Document Type

Thesis - Open Access

Award Date


Degree Name

Master of Science (MS)

Department / School

Animal Science


In the mid to late 1950's meat scientists and processors became increasingly aware of and interested in ante mortem and post-mortem stress and how it related to meat quality. This interest was generated largely from two problem conditions confronting the meat industry: pale, soft, exudative pork and dark cutting beef. Briskey et al. were the first to study the condition in pork. Further explorations were reported by Briskey, Hedrick et al., Lewis and Sayre et al. Research has characterized physical and chemical conditions associated with pale, soft and watery pork since it was first reported. This research was probably stimulated by either one or both of the following: wide publication of the condition coupled with its psychological effect on the consumer's acceptability of the product and/or problems the meat packer encountered when processing low quality pork. Several workers studied pale, soft, watery pork and its relationship to meat palatability and eating qualities. The commercial meat packer at the same time, was interested in the economic aspect of the problem. He experienced the weepage or moisture loss and the resulting lower quality and yield of the meat. Pale, soft, watery hams for example, absorbed greater quantities of curing pickle than did normal hams. Upon smoking however, those hams lost a larger percentage of weight than normal hams processed in the same manner. Additional drip loss or extra shrink experienced by the· packer constituted a definite economic loss. Judge et al. and Sayre et al. reported finding a genetic variation among breeds of h6gs which caused some breeds to be more susceptible to ante mortem stress than others. It was reported that genetic susceptibility to ante mortem stress caused lower quality, pale, soft, watery pork. However, since the packer has no direct control over the animals' house, he must concern himself with maximizing yields of product that he processes. This study was designed to compare the differences between normal and pale, soft, watery pork. Specific objectives were as follows: 1. To characterize chemically and physically fresh, pale, soft, watery pork, normal pork and intermediately colored pork. 2. To compare the yield differences and the actual amount of shrinkage of cured-smoked product produced from normal and pale, soft pork.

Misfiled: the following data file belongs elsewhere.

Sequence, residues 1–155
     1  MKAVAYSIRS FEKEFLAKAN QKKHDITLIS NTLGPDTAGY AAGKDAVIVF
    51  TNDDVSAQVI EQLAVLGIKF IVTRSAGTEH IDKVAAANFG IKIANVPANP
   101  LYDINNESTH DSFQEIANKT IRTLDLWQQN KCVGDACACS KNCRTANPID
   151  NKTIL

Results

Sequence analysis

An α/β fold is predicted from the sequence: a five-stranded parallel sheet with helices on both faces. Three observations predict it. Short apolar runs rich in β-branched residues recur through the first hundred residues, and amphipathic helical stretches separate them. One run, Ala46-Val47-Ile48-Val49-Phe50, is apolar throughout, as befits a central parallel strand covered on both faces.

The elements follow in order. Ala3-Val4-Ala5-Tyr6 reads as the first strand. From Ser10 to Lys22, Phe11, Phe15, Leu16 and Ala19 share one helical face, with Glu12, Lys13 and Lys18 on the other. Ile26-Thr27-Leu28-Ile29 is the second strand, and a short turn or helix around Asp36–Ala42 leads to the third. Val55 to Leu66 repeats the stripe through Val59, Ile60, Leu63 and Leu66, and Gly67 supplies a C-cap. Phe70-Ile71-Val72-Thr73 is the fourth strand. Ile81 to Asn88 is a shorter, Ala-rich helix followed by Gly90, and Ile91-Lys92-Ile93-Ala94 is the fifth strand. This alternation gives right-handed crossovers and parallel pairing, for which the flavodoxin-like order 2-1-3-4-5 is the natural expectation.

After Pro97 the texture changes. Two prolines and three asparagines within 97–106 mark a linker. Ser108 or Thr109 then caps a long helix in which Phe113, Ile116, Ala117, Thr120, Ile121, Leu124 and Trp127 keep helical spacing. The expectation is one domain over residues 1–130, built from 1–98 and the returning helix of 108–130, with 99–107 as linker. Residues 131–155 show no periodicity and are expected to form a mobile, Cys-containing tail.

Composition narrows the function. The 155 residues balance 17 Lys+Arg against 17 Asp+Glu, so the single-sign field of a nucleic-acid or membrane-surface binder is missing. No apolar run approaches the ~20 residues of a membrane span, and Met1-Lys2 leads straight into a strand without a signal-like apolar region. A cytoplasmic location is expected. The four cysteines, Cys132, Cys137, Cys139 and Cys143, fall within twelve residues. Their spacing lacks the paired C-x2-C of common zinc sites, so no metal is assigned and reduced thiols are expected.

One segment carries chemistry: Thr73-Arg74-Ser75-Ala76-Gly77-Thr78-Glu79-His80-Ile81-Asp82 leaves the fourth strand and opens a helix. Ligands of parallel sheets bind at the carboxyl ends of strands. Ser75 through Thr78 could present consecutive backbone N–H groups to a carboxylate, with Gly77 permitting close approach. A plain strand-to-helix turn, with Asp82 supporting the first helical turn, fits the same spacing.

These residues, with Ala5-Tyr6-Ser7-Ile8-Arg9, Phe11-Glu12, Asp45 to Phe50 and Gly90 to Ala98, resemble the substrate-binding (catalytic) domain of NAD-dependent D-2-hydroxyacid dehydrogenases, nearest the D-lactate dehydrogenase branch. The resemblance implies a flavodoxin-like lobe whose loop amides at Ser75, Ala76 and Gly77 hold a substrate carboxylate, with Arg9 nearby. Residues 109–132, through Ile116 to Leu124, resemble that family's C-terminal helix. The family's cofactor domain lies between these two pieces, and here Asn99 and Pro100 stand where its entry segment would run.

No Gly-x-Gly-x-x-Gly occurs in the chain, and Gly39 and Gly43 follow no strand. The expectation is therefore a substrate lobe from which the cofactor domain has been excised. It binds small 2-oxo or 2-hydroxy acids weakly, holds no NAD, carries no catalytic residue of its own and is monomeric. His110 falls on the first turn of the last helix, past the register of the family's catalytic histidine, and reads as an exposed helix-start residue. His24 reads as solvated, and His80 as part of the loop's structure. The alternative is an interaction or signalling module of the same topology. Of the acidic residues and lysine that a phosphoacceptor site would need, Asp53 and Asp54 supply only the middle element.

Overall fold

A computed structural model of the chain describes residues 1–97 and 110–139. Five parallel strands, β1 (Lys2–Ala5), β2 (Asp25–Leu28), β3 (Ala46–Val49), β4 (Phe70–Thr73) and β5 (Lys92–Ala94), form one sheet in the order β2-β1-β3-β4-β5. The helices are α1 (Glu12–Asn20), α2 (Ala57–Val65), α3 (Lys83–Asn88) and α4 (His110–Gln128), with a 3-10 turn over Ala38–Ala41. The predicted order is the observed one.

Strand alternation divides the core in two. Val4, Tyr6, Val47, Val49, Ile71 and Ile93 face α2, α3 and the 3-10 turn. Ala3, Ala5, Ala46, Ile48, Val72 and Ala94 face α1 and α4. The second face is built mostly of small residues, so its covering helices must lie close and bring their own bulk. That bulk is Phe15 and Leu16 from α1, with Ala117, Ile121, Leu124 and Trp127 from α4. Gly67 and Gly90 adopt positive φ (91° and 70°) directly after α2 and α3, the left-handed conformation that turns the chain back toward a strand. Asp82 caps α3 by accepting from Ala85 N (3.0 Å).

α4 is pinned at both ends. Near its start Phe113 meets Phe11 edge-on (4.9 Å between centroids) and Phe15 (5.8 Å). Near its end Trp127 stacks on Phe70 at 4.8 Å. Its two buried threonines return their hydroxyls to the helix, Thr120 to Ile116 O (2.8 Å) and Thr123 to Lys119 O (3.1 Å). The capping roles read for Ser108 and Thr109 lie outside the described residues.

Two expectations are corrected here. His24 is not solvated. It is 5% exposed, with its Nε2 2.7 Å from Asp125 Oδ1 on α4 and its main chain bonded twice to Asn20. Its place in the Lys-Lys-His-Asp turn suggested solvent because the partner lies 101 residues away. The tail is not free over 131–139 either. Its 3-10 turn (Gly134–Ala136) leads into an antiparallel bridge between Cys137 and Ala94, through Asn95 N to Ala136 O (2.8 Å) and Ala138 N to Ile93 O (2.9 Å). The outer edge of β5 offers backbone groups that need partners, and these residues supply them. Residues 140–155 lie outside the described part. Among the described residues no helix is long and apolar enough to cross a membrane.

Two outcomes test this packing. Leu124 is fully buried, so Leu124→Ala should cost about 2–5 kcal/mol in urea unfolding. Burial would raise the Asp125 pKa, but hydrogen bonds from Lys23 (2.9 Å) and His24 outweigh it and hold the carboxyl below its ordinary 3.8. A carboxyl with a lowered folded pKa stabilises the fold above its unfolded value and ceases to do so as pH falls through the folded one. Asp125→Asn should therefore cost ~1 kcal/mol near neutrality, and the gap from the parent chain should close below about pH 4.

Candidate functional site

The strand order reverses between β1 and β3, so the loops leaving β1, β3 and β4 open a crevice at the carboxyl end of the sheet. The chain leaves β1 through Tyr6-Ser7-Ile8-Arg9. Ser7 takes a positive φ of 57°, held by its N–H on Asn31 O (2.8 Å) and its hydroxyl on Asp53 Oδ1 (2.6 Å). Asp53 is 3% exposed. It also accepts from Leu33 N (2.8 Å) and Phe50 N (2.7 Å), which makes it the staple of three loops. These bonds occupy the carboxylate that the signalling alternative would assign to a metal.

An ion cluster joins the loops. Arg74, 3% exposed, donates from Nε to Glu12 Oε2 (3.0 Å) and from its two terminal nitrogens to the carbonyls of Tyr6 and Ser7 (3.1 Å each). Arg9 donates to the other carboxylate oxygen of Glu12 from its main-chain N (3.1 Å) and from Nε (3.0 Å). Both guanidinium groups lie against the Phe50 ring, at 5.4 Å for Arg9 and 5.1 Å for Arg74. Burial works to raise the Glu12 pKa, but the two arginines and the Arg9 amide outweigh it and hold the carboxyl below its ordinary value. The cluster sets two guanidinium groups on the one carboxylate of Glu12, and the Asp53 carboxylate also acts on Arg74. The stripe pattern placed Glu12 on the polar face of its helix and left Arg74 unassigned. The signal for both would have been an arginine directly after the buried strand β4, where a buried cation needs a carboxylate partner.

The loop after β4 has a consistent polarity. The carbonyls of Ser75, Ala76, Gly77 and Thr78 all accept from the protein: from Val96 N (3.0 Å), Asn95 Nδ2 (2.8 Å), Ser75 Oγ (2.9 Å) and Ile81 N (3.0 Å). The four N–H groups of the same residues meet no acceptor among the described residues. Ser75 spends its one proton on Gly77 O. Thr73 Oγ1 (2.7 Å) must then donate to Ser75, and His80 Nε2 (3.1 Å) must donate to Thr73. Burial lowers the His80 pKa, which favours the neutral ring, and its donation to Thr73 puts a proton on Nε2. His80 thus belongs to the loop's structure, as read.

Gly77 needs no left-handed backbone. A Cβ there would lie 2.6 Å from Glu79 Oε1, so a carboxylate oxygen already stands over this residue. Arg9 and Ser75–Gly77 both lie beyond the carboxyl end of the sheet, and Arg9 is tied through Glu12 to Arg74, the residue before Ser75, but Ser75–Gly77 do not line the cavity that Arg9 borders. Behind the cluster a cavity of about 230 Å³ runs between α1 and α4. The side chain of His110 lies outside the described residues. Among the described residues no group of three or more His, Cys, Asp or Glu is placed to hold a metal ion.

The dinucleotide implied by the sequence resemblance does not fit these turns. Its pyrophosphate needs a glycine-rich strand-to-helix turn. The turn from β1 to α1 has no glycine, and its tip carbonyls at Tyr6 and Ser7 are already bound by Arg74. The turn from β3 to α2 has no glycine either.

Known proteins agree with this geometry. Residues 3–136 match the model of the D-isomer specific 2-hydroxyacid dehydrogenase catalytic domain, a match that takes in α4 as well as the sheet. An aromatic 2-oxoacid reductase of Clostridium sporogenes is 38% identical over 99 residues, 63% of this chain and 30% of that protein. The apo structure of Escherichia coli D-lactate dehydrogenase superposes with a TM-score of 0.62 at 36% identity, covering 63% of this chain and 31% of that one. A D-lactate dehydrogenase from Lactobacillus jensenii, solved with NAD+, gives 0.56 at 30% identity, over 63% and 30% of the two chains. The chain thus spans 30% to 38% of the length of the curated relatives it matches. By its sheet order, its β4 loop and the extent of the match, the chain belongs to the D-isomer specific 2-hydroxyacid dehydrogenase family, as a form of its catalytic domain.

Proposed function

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South Dakota State University